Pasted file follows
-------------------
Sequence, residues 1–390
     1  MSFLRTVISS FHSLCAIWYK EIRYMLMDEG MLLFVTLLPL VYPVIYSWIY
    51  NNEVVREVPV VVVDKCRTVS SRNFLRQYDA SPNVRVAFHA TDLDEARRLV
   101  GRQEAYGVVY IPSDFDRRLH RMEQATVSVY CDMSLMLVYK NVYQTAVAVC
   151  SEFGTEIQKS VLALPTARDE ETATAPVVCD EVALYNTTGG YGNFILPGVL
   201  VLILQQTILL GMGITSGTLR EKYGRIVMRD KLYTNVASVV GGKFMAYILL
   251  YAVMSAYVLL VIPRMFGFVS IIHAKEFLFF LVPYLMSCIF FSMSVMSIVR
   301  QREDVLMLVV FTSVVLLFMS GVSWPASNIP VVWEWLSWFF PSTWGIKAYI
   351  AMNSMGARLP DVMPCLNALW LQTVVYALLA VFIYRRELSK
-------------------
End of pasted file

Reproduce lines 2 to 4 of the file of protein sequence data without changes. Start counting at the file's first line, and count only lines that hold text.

     1  MSFLRTVISS FHSLCAIWYK EIRYMLMDEG MLLFVTLLPL VYPVIYSWIY
    51  NNEVVREVPV VVVDKCRTVS SRNFLRQYDA SPNVRVAFHA TDLDEARRLV
   101  GRQEAYGVVY IPSDFDRRLH RMEQATVSVY CDMSLMLVYK NVYQTAVAVC